Similar to other Southeast Asian countries, Vietnamese children are at a large risk of malnourishment due to the abundance of instant noodles in their diet.
|Millions of Southeast Asian children eat instant noodles for their main meals (source: Reuters)|
The constant use of instant noodles for cooking is one of the main reasons behind the serious malnutrition in Southeast Asia, according to the UNICEF.
Accordingly, instant food products like noodles and cookies could help fill stomachs but lack the essential nutrients for children’s growth.
Despite not being listed on the UNICEF’s warning review, Vietnam is still facing the risk. In 2018, the country consumed 5.2 billion packages of noodle, up 2.7 per cent on-year.
The country also ranked fifth in instant noodle consumption, following China’s 40.25 billion packages, Indonesia’s 12.54 billion packages, India’s 6.06 billion packages, and Japan’s 5.78 billion packages.
With the population of 95 million in 2018, Vietnamese people consume an average 55 packages of noodle a year, more than China’s 31 packages, Indonesia’s 46 packages, and Japan’s 45.8 packages.
The local market currently has about 50 instant noodle companies, of whom Acecook Vietnam occupies 43 per cent of the market, and the rest are mainly held by Masan and Asia Food.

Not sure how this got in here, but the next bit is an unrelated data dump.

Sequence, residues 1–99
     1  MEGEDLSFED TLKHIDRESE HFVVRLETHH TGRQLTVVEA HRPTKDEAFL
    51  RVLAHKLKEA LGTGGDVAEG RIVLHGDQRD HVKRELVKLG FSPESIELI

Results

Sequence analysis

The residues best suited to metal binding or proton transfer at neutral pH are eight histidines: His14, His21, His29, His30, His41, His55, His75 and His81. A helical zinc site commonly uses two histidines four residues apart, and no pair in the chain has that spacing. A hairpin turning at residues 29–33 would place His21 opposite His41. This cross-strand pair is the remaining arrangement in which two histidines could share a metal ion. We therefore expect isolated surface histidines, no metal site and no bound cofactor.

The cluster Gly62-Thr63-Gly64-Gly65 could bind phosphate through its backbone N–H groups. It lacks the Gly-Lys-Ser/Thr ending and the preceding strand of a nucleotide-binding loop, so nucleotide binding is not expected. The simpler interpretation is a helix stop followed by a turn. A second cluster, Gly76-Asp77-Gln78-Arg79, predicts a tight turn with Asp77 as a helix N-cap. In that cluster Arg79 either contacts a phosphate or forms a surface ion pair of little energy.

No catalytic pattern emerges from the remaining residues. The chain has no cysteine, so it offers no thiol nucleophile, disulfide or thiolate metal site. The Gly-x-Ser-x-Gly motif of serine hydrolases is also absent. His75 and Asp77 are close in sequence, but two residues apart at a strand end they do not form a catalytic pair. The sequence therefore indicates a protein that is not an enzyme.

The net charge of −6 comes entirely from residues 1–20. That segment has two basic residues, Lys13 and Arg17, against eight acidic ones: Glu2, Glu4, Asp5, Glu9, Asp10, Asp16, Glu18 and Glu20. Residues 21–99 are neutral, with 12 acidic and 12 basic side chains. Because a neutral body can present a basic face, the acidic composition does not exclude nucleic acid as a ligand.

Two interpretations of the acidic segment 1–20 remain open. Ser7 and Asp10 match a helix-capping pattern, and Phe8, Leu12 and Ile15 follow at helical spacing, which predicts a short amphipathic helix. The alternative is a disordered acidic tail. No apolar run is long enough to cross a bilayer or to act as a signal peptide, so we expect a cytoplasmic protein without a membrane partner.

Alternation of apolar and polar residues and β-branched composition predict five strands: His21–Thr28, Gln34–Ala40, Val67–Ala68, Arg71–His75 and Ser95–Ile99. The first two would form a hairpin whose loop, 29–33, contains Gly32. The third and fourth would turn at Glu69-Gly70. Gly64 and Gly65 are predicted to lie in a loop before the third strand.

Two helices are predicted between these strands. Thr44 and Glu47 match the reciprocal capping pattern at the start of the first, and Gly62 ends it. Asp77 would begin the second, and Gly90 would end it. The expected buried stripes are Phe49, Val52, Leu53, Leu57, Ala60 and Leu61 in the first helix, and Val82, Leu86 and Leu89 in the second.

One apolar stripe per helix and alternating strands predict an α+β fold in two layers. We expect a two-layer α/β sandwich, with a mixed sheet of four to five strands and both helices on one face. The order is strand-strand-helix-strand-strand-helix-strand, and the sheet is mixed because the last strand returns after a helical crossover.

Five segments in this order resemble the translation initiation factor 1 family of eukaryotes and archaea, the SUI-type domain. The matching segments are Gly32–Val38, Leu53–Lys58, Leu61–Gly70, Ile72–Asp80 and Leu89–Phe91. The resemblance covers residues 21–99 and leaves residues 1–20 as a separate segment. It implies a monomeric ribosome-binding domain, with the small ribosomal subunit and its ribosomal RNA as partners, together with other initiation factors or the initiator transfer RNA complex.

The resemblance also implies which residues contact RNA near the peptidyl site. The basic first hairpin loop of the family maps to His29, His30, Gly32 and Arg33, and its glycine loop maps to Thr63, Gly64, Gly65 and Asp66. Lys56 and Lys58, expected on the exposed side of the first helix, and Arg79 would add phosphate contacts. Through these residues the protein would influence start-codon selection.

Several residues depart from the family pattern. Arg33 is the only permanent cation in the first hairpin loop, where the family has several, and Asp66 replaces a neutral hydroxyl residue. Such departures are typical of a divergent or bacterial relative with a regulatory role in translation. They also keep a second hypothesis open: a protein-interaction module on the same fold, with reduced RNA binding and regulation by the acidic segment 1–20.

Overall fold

Promoting the instant noodle product Hao Hao, Acecook Vietnam boasted of supplying more than three billion meals for Vietnamese people annually. This partly reflects the popularity of instant noodles in the country.
Besides Vietnam, the UNICEF’s report on October 15 also named the Philippines, Malaysia, and Indonesia as the region’s leading countries in the number of malnourished children, with the average rate of 40 per cent, higher than the 33 per cent global average.
Accordingly, Indonesia had 24.4 million malnourished children, the Philippines’ 11 million children, and Malaysia 2.6 million children.
Similar to Vietnam, these are developing countries with fast economic growth. Fuelling this growth, parents in these countries are commonly busy and have no time to cook meals for their children.
Instant noodles are a convenient and reasonably priced choice.
Poor nutrition habits are common in Vietnam, and if instant noodles stay prevalent in diets, the country may be put under review by the UNICEF.
Malnutrition is a big concern in Vietnam. The UNICEF also showed that Vietnam currently has 1.8 million malnourished children, occupying a quarter of the total child population. This means that one out of six children are malnourished. VIR